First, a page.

So much has changed since we last heard from “Bartlett’s Familiar Quotations,” a decade ago.
Barack Obama was a state legislator. Sarah Palin was mayor of Wasilla. Steve Jobs had just introduced a portable music player called the iPod.
And digital books were a relic from the dot-com bubble.
The 18th edition of the venerable reference work has just been released, the first for the electronic age and a chance to take in some of the new faces, events and catchphrases of the past 10 years. General editor Geoffrey O’Brien says he has expanded upon the trend set by his predecessor, Justin Kaplan, of incorporating popular culture into an anthology once known for classical citations. Shakespeare and the Bible still reign, but room also has been made for Madonna and Michael Moore, Justin Timberlake and Jon Stewart.
“I also added a great many quotes that originated in other languages. So I would say the new edition has a more international scope,” says O’Brien, an author and critic and editor in chief of the Library of America, which publishes hardcover volumes of canonical American authors.
Little, Brown and Company hopes the new Bartlett’s will appeal both as an old-fashioned coffee table hardcover, some 1,400 pages, and as an ultra-portable digital reference guide. Instead of releasing an e-book edition, the publisher has developed an app that does not simply replicate the printed book, but makes it ideal for digital devices and easy to share on Facebook or Twitter.
Dozens of employees spent months working on the app, according to Brian Singh, mobile analyst for Little, Brown’s parent company, Hachette Book Group. Some 20,000 quotations were categorized so those looking for a quick quote — say a love poem for a wedding speech — could simply search the word “love.” The app costs $3.95 and does not include any extra material, but it does have a digital feature, Quoto, which allows users to take a favorite citation, set it against a backdrop of choice and post it online.
For the hardcover, O’Brien said he removed some old poetry and forgotten phrases to make room for about 2,500 new quotes, including several from the Iraq War. Among them are President George W. Bush’s call to “Bring ‘em on” in response to possible uprisings from insurgents and his declaration that he was the “the decider.” The Dixie Chicks’ Natalie Maines is mentioned for her on-stage remark that she was “ashamed” Bush was from Texas, as is Moore’s Academy Award acceptance speech when he criticized the war and called Bush a “fictitious president.”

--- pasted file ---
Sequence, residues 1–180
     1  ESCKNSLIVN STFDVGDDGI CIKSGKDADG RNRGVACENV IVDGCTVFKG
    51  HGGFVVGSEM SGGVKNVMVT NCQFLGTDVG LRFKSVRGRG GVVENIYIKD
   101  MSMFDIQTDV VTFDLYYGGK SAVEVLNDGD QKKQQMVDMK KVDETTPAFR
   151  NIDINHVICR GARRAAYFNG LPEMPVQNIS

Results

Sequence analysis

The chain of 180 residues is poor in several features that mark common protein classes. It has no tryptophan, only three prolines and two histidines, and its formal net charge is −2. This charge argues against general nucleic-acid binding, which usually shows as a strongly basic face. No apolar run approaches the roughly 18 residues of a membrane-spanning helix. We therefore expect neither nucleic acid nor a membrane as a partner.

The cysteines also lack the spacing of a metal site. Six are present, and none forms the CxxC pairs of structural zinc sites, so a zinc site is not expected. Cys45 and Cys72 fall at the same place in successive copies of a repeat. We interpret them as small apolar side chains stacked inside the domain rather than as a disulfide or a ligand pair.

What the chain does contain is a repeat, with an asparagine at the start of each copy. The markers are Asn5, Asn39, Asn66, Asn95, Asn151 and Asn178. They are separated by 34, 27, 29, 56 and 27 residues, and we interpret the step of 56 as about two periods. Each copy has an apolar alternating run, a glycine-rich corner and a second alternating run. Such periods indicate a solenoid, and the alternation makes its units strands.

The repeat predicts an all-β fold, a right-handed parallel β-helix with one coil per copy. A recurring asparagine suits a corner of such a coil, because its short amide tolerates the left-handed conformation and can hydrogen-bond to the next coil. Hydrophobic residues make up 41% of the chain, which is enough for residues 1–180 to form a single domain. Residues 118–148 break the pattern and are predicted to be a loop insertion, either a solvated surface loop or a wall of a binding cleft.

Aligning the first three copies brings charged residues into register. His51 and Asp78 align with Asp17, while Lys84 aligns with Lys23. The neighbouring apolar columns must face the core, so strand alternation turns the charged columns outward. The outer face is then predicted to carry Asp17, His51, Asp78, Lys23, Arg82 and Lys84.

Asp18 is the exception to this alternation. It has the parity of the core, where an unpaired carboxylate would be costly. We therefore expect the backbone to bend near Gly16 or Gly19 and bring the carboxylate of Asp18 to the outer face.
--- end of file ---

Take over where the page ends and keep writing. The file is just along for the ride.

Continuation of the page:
Seven Obama quotations are listed, from his campaign slogan “Yes, we can!” to his announcement that U.S. special forces had killed Osama bin Laden. Palin’s entry includes the quip from her speech at the 2008 Republican convention that the difference between a hockey mom and a pit bull was “lipstick.” Job’s dying words, “Wow, oh wow,” are among four citations for the late Apple CEO, including a 1987 comment that “It’s more fun to be a pirate than to join the Navy.”
Others in Bartlett’s for the first time: Christopher Hitchens (“Seek out argument and disputation for their own sake”); David Foster Wallace (“Make no mistake: irony tyrannizes us”), Stewart (his nightly signoff, “Here it is … your moment of Zen”), Timberlake (his apology for Janet Jackson’s “wardrobe malfunction” during the 2004 Super Bowl halftime show).
Barlett’s is home to polished aphorisms and unintentional history: Bill Clinton’s “I did not have sex with that woman, Monica Lewinsky”; Oscar winner’s Sally Field’s cry that “You like me!”; Obama’s comments at a private fundraiser that some rural residents “cling to guns or religion.” Some quotes originate from tragedy: Rodney King’s plea, “Can we all get along?”, as Los Angeles burned during the 1992 riots; Flight 93 passenger Todd Beamer calling out “Let’s roll” as he led an uprising against Sept. 11, 2011 hijackers.
The credentials for Bartlett’s are admittedly arbitrary: Space concerns, individual tastes and the uncertain definition of the word “familiar” make the book an invaluable excuse for an argument.
Larry David is in, but not Aaron Sorkin; P.J. O’Rourke, not Maureen Dowd; Jerry Seinfeld and Steve Martin, not George Carlin or Richard Pryor. The many expressions coined on Saturday Night Live, from “Talk amongst yourselves” to “Well, excuuuuuse me!” were not mentioned. Among novelists, Richard Powers is in, but not Jonathan Franzen; Colson Whitehead, not Michael Chabon.
“I am sure that twelve different well-informed people would come up with twelve different lists of people (and more importantly of specific quotations) left out, and I am sure some of these will be strong candidates for inclusion in the next edition,” O’Brien said.
Among songwriting entries, excerpts appear from Lou Reed’s lyrics for “All Tomorrow’s Parties” and “Heroin,” but not from the more famous “Walk On the Wild Side.” The Beach Boys’ “Carolina, No” gets a mention, but not such anthems as “Surfin’ U.S.A.” and “Good Vibrations.” Kurt Cobain’s entry omits “Smells Like Teen Spirit” in favor of “Stay Away” and “Serve the Servants.”
For movies, two quotes are included from Robert Towne’s Chinatown screenplay, but not the immortal closing line, “Forget it Jake, it’s Chinatown.” One of just two entries for Nora Ephron is “I’ll have what she’s having,” the joke from When Harry Met Sally … that is widely credited to Billy Crystal. Among the favorites left out: “Well, nobody’s perfect,” the kicker from Some Like it Hot; Arnold Schwarzenegger’s Terminator catchphrase “I’ll be back”; the courtroom explosion “You can’t handle the truth!” from A Few Good Men.
“Certain lines strike me as ‘familiar for being familiar’ — ‘You can’t handle the truth’ being one of them, as I can see little originality or singularity in it,” O’Brien said. “The price of compactness is a certain amount of arbitrary exclusion.”
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